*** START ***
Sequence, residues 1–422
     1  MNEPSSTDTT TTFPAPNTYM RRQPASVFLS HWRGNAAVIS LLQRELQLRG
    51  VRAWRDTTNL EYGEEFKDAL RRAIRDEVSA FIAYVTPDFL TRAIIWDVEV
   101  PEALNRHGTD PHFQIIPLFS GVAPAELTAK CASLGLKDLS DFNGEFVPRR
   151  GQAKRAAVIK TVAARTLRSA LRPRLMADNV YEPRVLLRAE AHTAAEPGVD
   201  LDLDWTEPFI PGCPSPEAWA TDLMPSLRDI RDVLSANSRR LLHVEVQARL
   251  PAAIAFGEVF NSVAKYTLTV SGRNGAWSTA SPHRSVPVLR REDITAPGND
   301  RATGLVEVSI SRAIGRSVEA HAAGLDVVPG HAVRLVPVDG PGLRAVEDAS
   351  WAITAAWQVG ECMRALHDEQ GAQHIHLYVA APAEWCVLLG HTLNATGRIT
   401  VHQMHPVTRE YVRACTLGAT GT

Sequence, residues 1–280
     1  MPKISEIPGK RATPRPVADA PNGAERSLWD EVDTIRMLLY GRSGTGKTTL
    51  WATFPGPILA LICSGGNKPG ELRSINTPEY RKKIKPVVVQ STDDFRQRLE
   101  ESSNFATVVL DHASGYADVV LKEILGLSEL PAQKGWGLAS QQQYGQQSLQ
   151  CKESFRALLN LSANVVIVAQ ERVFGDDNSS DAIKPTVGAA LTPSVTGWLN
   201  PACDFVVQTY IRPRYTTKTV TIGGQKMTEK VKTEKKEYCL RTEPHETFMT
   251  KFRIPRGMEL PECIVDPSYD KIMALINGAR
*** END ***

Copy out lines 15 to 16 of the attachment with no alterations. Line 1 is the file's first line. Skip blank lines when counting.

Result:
   151  CKESFRALLN LSANVVIVAQ ERVFGDDNSS DAIKPTVGAA LTPSVTGWLN
   201  PACDFVVQTY IRPRYTTKTV TIGGQKMTEK VKTEKKEYCL RTEPHETFMT